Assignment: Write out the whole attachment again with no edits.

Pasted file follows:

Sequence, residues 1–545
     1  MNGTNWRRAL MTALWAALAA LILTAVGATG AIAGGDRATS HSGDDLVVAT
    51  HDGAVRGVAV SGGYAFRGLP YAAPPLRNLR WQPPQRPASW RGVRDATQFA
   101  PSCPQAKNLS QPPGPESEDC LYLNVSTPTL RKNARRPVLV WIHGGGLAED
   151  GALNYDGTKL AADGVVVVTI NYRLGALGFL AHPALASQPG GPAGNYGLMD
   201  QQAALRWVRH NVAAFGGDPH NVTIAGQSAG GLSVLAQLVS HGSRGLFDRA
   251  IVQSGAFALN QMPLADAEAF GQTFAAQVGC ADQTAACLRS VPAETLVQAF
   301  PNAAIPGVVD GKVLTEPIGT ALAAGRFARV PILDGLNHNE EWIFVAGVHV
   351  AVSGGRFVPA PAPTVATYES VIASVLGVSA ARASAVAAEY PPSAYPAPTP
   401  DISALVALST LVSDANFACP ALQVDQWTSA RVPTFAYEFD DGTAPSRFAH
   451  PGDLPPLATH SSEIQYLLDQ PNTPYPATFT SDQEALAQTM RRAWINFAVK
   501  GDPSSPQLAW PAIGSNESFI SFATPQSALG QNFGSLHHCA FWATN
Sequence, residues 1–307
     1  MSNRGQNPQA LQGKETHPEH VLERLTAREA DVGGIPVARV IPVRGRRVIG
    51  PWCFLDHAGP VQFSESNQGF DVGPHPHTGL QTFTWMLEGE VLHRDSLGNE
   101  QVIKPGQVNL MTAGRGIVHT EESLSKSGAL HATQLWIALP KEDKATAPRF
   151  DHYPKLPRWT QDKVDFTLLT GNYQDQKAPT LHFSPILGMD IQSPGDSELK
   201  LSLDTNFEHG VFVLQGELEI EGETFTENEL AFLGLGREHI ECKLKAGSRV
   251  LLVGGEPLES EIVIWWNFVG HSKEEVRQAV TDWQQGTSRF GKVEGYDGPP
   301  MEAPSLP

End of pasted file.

Sequence, residues 1–545
     1  MNGTNWRRAL MTALWAALAA LILTAVGATG AIAGGDRATS HSGDDLVVAT
    51  HDGAVRGVAV SGGYAFRGLP YAAPPLRNLR WQPPQRPASW RGVRDATQFA
   101  PSCPQAKNLS QPPGPESEDC LYLNVSTPTL RKNARRPVLV WIHGGGLAED
   151  GALNYDGTKL AADGVVVVTI NYRLGALGFL AHPALASQPG GPAGNYGLMD
   201  QQAALRWVRH NVAAFGGDPH NVTIAGQSAG GLSVLAQLVS HGSRGLFDRA
   251  IVQSGAFALN QMPLADAEAF GQTFAAQVGC ADQTAACLRS VPAETLVQAF
   301  PNAAIPGVVD GKVLTEPIGT ALAAGRFARV PILDGLNHNE EWIFVAGVHV
   351  AVSGGRFVPA PAPTVATYES VIASVLGVSA ARASAVAAEY PPSAYPAPTP
   401  DISALVALST LVSDANFACP ALQVDQWTSA RVPTFAYEFD DGTAPSRFAH
   451  PGDLPPLATH SSEIQYLLDQ PNTPYPATFT SDQEALAQTM RRAWINFAVK
   501  GDPSSPQLAW PAIGSNESFI SFATPQSALG QNFGSLHHCA FWATN
Sequence, residues 1–307
     1  MSNRGQNPQA LQGKETHPEH VLERLTAREA DVGGIPVARV IPVRGRRVIG
    51  PWCFLDHAGP VQFSESNQGF DVGPHPHTGL QTFTWMLEGE VLHRDSLGNE
   101  QVIKPGQVNL MTAGRGIVHT EESLSKSGAL HATQLWIALP KEDKATAPRF
   151  DHYPKLPRWT QDKVDFTLLT GNYQDQKAPT LHFSPILGMD IQSPGDSELK
   201  LSLDTNFEHG VFVLQGELEI EGETFTENEL AFLGLGREHI ECKLKAGSRV
   251  LLVGGEPLES EIVIWWNFVG HSKEEVRQAV TDWQQGTSRF GKVEGYDGPP
   301  MEAPSLP